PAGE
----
Knowledge about sensors needs to be encoded and structured so that it can be used to its full potential. Additional information such as the phenomena they are measuring, the units of measurement, the location of the sensor node, etc. are needed to accompany the numbers. For instance, if we wanted to know the amount of rain, we should be able to recognize that raindrop, rainfall, and precipitation belong to the same physical phenomena and that all such sensors are a good source for our query. If we were interested in the outside temperatures in the morning, we should be able to infer that a sensor node that is positioned in a stable, is not a good source for us, because it is measuring the temperature inside. If we wanted to find out what is the air pressure in our city, we would need the system to be able to tell which geographical coordinates of a sensor node belong to the area (inverse geocoding). The conceptualization of the domain refers to modeling all this knowledge in a standard way. By using standards also interoperability between different systems can be achieved.
As a growing number of observers realize, one of the most important aspects of the emerging Internet of Things is its incredible breadth and scope. Within a few years, devices on the IoT will vastly outnumber human beings on the planet—and the number of devices will continue to grow. Billions of devices worldwide will form a network unprecedented in history. Devices as varied as soil moisture sensors, street lights, diesel generators, video surveillance systems—even the legendary Internet-enabled toasters—will all be connectedin one fashion or another.
Some pundits have focused only on the myriad addresses necessary for the sheer arithmetic count of devices and have pronounced IPv6 sufficient for the IoT. But this mistakes address space for addressability. No central address repository or existing address translation scheme can possibly deal with the frontier aspects of the IoT. Nor can addresses alone create the costly needed networking “horsepower” within the appliances, sensors, and actuators.
Devices from millions of manufacturers based in hundreds of countries will appear on the IoT (and disappear) completely unpredictably. This creates one of the greatest challenges of the IoT: management. This is a matter both of scope and device capabilities.
These devices incorporate the processors, memory, and human interfaces necessary for traditional networking protocol stacks (typically IPv6 today), the human interfaces necessary for control, and an infrastructure for management (unique addresses, management servers, and so on).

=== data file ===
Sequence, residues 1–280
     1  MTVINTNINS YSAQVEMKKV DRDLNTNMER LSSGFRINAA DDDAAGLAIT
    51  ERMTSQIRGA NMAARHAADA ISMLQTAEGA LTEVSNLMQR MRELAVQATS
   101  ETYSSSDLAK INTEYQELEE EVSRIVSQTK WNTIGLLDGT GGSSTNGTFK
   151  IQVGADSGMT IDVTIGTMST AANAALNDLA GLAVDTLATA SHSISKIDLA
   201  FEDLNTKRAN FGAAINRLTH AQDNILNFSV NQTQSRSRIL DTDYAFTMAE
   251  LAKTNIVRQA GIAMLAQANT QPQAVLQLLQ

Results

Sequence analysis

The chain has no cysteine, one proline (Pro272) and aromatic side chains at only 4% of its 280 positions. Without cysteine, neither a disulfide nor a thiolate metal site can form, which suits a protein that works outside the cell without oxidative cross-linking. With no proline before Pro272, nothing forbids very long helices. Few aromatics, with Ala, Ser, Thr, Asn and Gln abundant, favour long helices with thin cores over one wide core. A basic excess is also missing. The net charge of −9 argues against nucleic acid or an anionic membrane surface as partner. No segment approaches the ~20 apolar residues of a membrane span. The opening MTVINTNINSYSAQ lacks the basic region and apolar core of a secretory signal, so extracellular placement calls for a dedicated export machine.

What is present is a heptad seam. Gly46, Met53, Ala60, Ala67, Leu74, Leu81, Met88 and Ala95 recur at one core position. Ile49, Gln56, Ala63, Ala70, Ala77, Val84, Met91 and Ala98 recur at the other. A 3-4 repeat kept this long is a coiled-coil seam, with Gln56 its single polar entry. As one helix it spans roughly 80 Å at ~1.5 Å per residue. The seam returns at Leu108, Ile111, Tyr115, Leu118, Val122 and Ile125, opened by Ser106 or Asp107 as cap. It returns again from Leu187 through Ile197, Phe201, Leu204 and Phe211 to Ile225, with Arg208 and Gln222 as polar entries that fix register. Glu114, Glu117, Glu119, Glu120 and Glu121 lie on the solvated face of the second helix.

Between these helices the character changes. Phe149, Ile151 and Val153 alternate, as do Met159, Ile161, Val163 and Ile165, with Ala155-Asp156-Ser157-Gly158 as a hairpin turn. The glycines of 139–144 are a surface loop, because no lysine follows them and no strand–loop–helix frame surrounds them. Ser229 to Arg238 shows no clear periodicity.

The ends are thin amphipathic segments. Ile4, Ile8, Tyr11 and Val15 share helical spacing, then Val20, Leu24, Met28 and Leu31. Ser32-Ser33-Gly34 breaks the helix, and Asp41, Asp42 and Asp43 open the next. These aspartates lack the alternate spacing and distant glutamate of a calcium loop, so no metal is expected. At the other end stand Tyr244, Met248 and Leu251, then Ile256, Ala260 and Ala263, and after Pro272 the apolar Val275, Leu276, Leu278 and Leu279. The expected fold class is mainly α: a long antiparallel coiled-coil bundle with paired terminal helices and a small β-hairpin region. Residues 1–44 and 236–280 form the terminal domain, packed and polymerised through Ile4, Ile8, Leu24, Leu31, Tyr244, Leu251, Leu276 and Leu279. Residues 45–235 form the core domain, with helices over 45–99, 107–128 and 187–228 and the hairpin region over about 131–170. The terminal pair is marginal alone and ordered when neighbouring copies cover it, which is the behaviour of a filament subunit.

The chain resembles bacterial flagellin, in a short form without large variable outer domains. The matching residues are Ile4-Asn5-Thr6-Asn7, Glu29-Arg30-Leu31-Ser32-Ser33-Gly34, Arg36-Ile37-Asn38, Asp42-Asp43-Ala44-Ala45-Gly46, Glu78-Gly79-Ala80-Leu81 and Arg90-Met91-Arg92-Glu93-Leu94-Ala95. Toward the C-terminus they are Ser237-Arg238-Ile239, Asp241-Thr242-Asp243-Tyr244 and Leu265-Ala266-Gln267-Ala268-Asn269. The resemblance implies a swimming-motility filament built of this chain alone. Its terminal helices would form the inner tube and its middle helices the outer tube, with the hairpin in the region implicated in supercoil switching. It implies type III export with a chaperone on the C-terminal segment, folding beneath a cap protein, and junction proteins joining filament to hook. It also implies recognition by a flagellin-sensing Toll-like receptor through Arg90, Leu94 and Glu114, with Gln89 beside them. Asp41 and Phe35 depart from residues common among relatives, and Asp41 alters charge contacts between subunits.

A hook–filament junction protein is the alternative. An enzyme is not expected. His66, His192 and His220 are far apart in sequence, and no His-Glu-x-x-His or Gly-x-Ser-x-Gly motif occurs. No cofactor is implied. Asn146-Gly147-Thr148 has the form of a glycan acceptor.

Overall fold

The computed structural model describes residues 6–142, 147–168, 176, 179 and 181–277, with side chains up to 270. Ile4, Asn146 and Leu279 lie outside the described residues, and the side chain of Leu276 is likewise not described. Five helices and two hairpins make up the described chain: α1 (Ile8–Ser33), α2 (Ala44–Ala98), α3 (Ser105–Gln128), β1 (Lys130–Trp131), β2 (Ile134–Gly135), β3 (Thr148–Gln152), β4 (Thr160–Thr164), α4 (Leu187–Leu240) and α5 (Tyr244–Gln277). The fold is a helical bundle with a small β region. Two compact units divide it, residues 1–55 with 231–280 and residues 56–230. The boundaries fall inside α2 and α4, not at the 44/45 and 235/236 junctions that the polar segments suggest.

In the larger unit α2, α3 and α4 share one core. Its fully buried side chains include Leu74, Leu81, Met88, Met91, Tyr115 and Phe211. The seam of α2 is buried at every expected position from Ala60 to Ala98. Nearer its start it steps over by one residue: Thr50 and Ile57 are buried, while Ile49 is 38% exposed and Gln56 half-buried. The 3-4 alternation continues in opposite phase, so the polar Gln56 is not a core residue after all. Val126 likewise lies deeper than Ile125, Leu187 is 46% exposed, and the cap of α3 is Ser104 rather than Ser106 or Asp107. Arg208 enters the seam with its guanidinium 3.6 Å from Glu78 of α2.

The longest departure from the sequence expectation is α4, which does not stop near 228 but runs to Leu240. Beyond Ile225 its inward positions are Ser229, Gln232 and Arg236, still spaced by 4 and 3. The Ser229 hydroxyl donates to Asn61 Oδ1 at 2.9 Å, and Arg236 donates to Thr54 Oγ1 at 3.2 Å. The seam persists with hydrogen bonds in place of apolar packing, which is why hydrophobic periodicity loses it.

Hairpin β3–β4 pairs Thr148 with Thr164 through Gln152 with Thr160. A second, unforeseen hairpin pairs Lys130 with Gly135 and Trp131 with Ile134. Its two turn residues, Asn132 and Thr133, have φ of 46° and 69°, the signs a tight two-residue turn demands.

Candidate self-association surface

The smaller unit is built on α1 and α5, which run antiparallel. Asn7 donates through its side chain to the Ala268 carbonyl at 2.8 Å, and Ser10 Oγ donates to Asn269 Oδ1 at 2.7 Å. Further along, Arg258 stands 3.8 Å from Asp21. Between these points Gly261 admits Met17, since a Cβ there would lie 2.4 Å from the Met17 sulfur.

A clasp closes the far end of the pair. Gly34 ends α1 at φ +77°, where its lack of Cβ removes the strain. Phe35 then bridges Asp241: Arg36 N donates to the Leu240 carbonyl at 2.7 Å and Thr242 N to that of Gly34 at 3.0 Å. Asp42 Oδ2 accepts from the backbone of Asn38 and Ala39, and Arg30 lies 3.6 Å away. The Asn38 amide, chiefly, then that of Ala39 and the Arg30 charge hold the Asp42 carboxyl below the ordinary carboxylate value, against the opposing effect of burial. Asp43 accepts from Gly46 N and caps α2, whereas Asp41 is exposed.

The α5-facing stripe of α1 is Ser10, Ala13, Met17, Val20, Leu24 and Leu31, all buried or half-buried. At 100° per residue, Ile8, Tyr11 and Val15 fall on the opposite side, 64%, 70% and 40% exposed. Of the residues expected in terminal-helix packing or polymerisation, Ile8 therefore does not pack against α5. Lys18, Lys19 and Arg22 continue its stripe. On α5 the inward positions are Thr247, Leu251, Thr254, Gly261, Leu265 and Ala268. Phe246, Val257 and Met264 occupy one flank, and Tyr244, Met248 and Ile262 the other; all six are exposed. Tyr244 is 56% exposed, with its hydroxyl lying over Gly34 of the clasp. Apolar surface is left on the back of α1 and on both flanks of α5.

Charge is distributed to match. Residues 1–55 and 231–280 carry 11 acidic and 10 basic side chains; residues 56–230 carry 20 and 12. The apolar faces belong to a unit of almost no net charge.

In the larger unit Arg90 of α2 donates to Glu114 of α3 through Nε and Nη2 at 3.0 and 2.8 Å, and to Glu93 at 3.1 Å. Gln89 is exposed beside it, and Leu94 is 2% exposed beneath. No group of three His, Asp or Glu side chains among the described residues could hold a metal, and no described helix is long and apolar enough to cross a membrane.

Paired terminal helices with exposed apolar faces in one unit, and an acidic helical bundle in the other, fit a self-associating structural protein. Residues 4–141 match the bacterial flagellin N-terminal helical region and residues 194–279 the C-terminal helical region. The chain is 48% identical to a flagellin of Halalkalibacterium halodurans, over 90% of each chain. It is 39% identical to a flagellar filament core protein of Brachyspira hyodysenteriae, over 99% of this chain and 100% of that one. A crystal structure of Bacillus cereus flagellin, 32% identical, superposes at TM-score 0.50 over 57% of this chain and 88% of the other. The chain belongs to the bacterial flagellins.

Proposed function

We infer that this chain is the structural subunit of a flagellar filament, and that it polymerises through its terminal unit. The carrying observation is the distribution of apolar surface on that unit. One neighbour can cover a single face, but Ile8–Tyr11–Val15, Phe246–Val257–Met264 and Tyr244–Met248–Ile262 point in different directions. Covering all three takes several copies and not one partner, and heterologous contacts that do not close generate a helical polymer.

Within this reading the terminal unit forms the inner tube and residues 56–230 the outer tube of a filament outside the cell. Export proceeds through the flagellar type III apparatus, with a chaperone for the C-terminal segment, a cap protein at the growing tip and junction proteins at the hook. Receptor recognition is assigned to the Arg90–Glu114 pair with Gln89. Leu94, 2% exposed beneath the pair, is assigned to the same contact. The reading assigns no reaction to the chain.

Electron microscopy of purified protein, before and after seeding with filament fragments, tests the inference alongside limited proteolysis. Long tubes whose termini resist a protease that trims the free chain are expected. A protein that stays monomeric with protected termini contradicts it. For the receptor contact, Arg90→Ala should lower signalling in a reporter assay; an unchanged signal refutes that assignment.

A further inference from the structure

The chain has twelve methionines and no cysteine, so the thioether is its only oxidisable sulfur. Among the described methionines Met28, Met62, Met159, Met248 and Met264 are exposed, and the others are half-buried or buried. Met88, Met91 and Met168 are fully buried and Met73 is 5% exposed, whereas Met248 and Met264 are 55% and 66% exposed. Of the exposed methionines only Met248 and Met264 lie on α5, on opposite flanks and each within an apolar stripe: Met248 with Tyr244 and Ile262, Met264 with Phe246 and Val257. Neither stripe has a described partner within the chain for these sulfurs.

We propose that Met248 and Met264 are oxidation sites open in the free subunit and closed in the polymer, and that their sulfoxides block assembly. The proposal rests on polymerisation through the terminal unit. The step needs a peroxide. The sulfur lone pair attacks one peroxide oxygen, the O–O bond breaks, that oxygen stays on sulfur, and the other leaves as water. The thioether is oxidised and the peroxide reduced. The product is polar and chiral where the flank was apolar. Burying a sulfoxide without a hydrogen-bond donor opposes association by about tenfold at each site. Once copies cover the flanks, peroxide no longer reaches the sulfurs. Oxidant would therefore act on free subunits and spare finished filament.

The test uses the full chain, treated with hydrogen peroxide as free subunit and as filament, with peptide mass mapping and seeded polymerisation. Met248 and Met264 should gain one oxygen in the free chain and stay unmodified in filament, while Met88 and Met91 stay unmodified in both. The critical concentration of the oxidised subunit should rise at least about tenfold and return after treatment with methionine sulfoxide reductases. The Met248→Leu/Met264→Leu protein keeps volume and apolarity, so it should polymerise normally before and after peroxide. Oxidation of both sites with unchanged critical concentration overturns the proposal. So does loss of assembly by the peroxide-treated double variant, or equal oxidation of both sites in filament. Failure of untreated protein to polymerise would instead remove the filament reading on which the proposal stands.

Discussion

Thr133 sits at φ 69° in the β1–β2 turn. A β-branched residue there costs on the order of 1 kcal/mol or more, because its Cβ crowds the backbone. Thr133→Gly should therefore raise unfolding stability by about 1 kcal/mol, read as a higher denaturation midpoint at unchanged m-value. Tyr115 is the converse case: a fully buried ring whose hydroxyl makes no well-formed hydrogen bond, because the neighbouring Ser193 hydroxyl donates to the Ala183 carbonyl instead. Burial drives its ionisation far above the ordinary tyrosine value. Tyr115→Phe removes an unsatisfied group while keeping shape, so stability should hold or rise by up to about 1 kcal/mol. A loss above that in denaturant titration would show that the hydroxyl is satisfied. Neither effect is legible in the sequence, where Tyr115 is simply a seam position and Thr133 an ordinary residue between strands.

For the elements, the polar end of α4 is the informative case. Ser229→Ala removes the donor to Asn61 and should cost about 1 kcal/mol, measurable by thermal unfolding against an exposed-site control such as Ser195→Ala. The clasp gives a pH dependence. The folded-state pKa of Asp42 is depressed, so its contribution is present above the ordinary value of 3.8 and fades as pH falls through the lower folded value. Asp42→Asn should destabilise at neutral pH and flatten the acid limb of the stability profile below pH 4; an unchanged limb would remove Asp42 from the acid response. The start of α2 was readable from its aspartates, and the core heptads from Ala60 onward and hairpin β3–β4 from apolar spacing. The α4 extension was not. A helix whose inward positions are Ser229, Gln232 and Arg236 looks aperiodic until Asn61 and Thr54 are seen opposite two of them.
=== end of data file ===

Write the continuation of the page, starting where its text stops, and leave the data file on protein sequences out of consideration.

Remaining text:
Data exchanged by Internet of Things Devices
The kinds of information these hundreds of billions of IoT devices exchange will also be very different from the traditional Internet Much of today’s Internet traffic is primarily human-to-machine oriented. Applications such as e-mail, web browsing, and video streaming consist of relatively large chunks of data generated by machines and consumed by humans.
But the typical IoT data flow will be nearly diametrically opposed to this model. Machine-to-machine communications require minimal packaging and presentation overhead. For example, a moisture sensor in a farmer’s field may have only a single value to send of volumetric water content. It can be communicated in a few characters of data, perhaps with the addition of a location/identification tag. This value might change slowly throughout the day, but the frequency of meaningful updates will be low. Similar terse communication forms can be imagined for millions of other types of IoT sensors and devices. Many of these IoT devices may be simplex or nearly simplex in data flows, simply broadcasting a state or reading over and over while switched on without even the capacity to “listen” for a reply.
This raises another aspect of the typical IoT message: it’s individually unimportant. For simple sensors and state machines, the variations in conditions over time may be small. Thus, any individual transmission from the majority of IoT devices is likely completely uncritical. These messages are being collected and interpreted elsewhere in the network, and a gap in data will simply be ignored or extrapolated
Even more complex devices, such as a remotely monitored diesel generator, should generate little more traffic, again in terse formats unintelligible to humans, but gathered and interpreted by other devices in the IoT. Overall, the meaningful amount of data generated from each IoT device is vanishingly small—nearly exactly the opposite of the trends seen in the traditional Internet. For example, a temperature sensor might generate only a few hundred bytes of useful data per day, about the same as a couple of smartphone text messages. Because of this, very low bandwidth connections might be utilized for savings in cost, battery life, and other factors.